Almost everybody is familiar with today’s gospel, especially that first part. “You’ve heard it said, ‘Love your neighbor and hate your enemy.’ But I say, ‘Love your enemies, do good for those who do your harm, pray for those who persecute you.’” And a lot of folks think that, while it may be an ideal, it is a hopelessly unrealistic one. That may be true, for some people. But every so often, something happens like Jamie’s plea on that message board. And that gets me to thinking: if Jamie is aware, deep inside, that “forget” is the second part of “forgive and forget” for very good reason, psychologically, that insight comes from the Holy Spirit; and if Father John L is going to help her in this situation, I need to seek insight from the very same source. That, sisters and brothers, is being realistic!

Let’s take a few steps back, not to move away from the question, but to get a better perspective on it. We are often reminded that “Love God with all your heart, mind and might, and your neighbor as yourself” is the Great Commandment. But if you combine that adage with this one: “Love your enemy; do good to those who do you harm; pray for those who persecute you”, then that Great Commandment now appears in a new light: someone who has done me harm is my neighbor. “Father, does that really mean that I’ve got to love them?”

Let me put it this way: If someone is mean, hateful, spiteful, and even abusive to me – in short, my enemy – do I want that person to suffer eternal damnation? That may well be the way I feel, but should it be the way I act? If we want to be disciples of Jesus, we can’t want that! Jesus gives his life on the Cross for that person, just as truly as he does for me. Jesus is counting on me to help my neighbors to open themselves to accept the love God offers each of us. How can my enemy know of God’s forgiveness if my forgiveness is not forthcoming first? Or, in another perspective: How can I hope that God will forgive my offenses, if I don’t forgive those who have offended me?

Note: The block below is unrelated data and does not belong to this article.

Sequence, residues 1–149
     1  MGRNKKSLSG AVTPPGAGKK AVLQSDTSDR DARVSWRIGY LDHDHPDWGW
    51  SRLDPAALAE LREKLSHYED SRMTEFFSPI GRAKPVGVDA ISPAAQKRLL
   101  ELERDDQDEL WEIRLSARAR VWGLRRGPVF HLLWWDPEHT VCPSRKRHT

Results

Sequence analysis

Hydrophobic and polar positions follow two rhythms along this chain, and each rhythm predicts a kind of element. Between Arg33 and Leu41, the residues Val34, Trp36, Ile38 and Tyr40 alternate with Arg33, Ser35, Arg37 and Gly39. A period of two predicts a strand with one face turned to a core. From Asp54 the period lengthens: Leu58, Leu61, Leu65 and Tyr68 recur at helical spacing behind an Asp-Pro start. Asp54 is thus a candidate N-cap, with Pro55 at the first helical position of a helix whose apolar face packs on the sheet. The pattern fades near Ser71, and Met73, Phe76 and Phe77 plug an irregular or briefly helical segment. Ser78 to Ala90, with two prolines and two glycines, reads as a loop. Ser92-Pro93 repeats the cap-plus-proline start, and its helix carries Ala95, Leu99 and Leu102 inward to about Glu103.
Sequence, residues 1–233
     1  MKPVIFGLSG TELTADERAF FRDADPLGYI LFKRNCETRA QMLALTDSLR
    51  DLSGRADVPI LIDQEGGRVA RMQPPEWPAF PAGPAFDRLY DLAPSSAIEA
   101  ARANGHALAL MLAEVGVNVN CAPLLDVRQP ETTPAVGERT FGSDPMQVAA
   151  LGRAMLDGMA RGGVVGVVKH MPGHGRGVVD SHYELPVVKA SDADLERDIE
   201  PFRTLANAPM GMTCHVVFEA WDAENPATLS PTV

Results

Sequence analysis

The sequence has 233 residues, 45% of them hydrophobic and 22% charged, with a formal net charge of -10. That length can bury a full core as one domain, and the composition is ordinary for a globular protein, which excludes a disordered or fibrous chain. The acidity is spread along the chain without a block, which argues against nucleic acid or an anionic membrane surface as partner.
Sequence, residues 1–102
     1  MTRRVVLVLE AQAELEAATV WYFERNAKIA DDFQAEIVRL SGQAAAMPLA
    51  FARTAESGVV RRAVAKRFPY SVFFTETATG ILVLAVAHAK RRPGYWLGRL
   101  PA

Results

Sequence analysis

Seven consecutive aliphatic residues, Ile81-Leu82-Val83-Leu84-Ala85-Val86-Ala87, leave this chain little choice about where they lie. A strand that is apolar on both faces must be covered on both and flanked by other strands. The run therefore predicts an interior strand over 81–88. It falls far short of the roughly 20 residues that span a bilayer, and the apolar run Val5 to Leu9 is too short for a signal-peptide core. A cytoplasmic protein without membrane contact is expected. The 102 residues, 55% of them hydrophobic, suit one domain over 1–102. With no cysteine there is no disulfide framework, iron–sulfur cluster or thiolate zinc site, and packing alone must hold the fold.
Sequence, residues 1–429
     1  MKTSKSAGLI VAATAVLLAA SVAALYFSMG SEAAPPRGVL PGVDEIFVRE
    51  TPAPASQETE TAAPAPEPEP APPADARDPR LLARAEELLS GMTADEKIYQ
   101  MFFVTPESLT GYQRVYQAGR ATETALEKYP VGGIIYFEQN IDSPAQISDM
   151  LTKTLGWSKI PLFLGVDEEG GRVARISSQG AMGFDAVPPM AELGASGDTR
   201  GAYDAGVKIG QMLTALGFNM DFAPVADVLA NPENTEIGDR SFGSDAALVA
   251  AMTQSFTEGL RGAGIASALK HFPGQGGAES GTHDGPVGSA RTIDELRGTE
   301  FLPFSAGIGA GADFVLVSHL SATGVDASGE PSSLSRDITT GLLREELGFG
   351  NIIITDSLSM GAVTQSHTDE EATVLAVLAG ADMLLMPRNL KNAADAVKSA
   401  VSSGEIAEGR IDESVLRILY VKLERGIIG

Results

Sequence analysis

OK, Father, I can understand the need to forgive our enemies. But love our enemy? At this point Father John L needs to take off his canonist’s biretta (it has blue tassels, not black or red), and put on his language professor’s mortarboard. Greek has several verbs that translate “to love”, and several nouns that match each of those verbs, that mean “love”, in various contexts. The verb Matthew uses in this text doesn’t refer to the love between a man and a woman or the love of one friend for another. This verb is best translated as “to care”, or “to be concerned”, or even more accurately, “to want what is best” for the other person. It’s the attitude both Jesus and Stephen had when they prayed, “Father, forgive them”.

From my own perspective, there is a big difference between me and a terrorist bomber, or between me and a child rapist. But the simple truth is that God’s saving grace is necessary for you, me, the bomber, and the rapist, and it is a gift which he gives freely, as this passage from the gospel of Matthew attests, not in return for our obeying his will, nor even for our loving him, but because he has first loved us.

People who know me, in person or even “on line”, are well aware how often I say, “Don’t try to be perfect; only God is perfect”. It’s a bit off-putting to read the last line of today’s gospel, “Be perfect as your Father in heaven is perfect.” The solution to this conundrum is found in the parallel passage of Mark: “Be merciful, as your Father in heaven is merciful.” God doesn’t forgive us because we are deserving, but because He is merciful. Go now, and do likewise.